For example, the simulator used in training lacked realistic visual cues for the specified scenarios, as well as a TAWS to allow pilots to practice their responses to actual TAWS alerts, the report said.
As a result of its investigation, the NTSB issued eight new safety recommendations, including five recommendations to the FAA.
One recommendation said that, although CFIT-avoidance training programs are not required for airplane commuter and on-demand operations conducted under Part 135, the FAA should “work with Part 135 operators in Alaska to improve any voluntarily implemented training programs aimed at reducing the risk of CFIT accidents involving continuation of flight under VFR into instrument meteorological conditions, with special attention paid to the human factors issues identified in recent Alaska accident investigations.” Those issues include the challenges of flying in mountainous areas of Alaska and of low-altitude VFR flight in areas subject to sudden changes of weather, and the “limitations of Alaska infrastructure,” especially weather observations, communications and navigation aids.
The FAA also should work with Part 135 operators that conduct VFR flights in any mountainous area (not just those in Alaska) below the terrain clearance of the aircraft’s TAWS, the NTSB said in a second recommendation. Their efforts should focus on ensuring that management and pilots are aware of risks stemming from distractions associated with repeated nuisance alerts and complacency associated with routine use of the TAWS terrain inhibit feature. The FAA and Part 135 operators should develop plans to mitigate the risks and minimize nuisance alerts, and to develop procedures that define the situations in which pilots should inhibit and uninhibit the alerts, the recommendation said.
The NTSB also recommended that the FAA:
- Modify TAWS requirements (outlined in Technical Standard Order C151) to require that, after alerts are manually inhibited, they do not remain inhibited indefinitely, even if the pilot does not act to uninhibit them.
- Install communications equipment to increase access in Alaska to the instrument flight rules (IFR) system, with priority to areas typically used by Part 135 operators. The report said that although IFR capability was available for the accident flight, the pilot-in-command (PIC) — and the PIC of another Hageland flight both chose to fly VFR, the NTSB said, noting that the other pilot told investigators that VFR flight was easier “due to difficulties obtaining timely air traffic control clearances for IFR flights.” Representatives of Hageland and the FAA said that limitations in communications and weather-reporting infrastructure were inadequate for IFR operations in some parts of Alaska; and,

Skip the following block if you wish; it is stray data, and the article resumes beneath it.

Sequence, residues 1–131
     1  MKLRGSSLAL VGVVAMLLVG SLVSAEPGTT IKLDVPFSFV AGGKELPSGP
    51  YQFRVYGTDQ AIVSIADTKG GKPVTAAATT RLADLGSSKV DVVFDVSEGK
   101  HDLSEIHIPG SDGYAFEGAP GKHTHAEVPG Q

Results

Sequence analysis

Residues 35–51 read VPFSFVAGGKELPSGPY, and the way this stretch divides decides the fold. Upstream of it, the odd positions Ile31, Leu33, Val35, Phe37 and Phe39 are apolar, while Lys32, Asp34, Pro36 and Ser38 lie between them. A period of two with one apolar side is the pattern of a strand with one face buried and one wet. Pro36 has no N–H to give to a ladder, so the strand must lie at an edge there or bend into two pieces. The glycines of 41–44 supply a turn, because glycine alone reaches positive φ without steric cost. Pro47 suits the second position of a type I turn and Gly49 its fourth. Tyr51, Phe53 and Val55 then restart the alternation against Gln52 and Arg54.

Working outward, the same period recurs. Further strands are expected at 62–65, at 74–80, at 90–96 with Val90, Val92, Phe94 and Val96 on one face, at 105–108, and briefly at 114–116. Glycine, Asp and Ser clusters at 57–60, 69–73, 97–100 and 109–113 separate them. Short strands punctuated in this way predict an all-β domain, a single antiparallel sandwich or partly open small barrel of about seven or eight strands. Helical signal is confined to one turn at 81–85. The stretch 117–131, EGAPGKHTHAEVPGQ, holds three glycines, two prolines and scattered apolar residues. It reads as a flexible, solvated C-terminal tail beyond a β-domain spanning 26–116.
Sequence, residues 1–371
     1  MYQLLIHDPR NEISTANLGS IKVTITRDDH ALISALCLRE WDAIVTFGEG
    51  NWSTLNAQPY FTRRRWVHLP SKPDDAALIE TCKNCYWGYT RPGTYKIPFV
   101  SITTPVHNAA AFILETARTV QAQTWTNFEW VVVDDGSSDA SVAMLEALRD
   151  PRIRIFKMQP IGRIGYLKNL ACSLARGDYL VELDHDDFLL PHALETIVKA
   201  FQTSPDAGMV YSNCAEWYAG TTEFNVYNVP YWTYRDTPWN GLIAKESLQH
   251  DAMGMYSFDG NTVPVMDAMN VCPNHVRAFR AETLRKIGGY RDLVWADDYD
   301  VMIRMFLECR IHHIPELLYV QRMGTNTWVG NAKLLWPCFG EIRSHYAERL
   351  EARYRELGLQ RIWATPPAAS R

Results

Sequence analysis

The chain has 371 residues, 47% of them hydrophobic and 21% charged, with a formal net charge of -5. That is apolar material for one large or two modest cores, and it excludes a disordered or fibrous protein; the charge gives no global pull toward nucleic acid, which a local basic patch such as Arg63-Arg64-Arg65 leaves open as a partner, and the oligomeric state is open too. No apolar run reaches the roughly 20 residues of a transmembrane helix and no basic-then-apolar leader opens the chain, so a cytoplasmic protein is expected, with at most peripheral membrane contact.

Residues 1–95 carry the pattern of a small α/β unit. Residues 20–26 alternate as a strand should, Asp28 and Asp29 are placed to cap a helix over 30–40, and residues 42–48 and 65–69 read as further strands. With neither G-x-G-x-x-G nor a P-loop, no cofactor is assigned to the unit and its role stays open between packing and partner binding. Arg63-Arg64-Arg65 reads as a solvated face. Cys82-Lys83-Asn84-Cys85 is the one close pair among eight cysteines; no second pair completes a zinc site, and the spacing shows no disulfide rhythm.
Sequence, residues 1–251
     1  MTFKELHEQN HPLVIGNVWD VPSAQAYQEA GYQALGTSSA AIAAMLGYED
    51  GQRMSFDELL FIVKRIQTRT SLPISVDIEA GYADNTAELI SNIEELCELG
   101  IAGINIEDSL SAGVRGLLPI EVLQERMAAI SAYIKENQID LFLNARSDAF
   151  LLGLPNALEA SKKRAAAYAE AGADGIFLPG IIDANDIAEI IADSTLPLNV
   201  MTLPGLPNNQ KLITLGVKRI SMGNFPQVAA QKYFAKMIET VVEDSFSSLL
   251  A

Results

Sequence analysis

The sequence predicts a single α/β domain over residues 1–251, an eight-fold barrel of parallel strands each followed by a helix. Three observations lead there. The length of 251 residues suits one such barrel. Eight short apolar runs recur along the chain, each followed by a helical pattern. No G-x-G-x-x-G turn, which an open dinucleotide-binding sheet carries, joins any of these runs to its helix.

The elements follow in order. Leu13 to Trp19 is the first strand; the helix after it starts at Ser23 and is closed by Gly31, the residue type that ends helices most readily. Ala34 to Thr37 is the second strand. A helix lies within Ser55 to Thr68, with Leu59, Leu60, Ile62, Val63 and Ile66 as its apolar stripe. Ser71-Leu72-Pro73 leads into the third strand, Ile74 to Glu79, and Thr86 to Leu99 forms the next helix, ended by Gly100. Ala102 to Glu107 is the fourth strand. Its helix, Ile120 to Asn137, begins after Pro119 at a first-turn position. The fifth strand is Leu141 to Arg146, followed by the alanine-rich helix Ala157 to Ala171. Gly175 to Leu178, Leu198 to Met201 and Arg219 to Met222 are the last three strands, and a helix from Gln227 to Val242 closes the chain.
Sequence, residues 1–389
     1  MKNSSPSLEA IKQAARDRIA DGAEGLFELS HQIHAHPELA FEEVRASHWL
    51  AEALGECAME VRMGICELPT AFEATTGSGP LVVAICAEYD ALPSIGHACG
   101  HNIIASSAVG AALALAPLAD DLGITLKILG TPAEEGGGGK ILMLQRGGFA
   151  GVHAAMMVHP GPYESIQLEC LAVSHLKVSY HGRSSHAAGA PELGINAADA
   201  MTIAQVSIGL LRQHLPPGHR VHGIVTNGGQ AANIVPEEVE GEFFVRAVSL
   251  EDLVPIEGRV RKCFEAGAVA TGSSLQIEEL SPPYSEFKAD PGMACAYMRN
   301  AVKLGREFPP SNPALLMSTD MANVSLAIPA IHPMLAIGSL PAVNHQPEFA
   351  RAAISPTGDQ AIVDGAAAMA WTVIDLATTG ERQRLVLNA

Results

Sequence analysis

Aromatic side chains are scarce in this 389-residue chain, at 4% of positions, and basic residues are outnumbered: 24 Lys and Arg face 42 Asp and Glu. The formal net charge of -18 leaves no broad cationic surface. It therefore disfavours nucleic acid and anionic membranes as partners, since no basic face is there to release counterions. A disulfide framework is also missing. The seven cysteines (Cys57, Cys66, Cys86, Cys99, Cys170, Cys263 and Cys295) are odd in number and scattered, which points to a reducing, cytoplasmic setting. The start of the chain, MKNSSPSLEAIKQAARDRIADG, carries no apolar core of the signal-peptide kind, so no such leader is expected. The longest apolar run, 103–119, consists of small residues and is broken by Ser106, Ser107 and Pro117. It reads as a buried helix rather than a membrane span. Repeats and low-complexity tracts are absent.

- Ensure that Alaska airports that are frequented by Part 135 operators and are equipped with instrument approaches also are equipped with weather-reporting capabilities to enable IFR flights.
Two additional recommendations, addressed to the Medallion Foundation, a nonprofit organization that provides guidance on CFIT training as part of its mission of reducing aviation accidents in Alaska, said the foundation should expand its CFIT-avoidance programs to require members to incorporate the materials into their FAA-approved training programs and training manuals, and to encourage use of a flight data monitoring program. Such a move would ensure FAA oversight of the programs, the report said.
A final recommendation to the operator called for modifying CRM training to include ground, simulator and flight training that “[defines] second-in-command responsibilities for dual-pilot operations,” including aeronautical decision making and judgment scenarios relevant to Hageland flight operations. The report noted that most of Hageland’s Cessna 208 flights were flown by a single pilot, and that, for cases in which a second pilot was assigned, Hoagland’s CRM CBT did not specify how the two pilots should work together and how they should work with the company’s operations control center, or discuss the duties assigned to the pilot flying and the pilot monitoring, the report said.
Both the NTSB and the FAA previously reviewed Hageland’s CRM training program, largely because of five accidents and a runway excursion incident between December 2012 and April 2014, which “collectively … suggested the likelihood of systemic problems,” the report said. After a fatal accident on April 8, 2014, the NTSB recommended that the FAA conduct an audit of regulatory compliance and operational safety programs, including training programs, at Hageland, as well as an audit of its own oversight of Hageland.
The FAA told the NTSB it had conducted the two audits and “had ensured that corrective action was implemented for all adverse findings,” the report said. The document added, however, that the investigation of the 2016 accident found that Hageland’s approved CRM training did not include all required elements.
This article is based on the NTSB synopsis of NTSB/AAR-18/01, its upcoming report, “Collision With Terrain; Hageland Aviation Services Inc., dba Ravn Connect Flight 3153, Cessna 208B, N208SD; Togiak Village, Alaska; October 2, 2016,” and related documents.
Featured image: © Flightlevel80 | iStockphoto
Accident aircraft: U.S. National Transportation Safety Board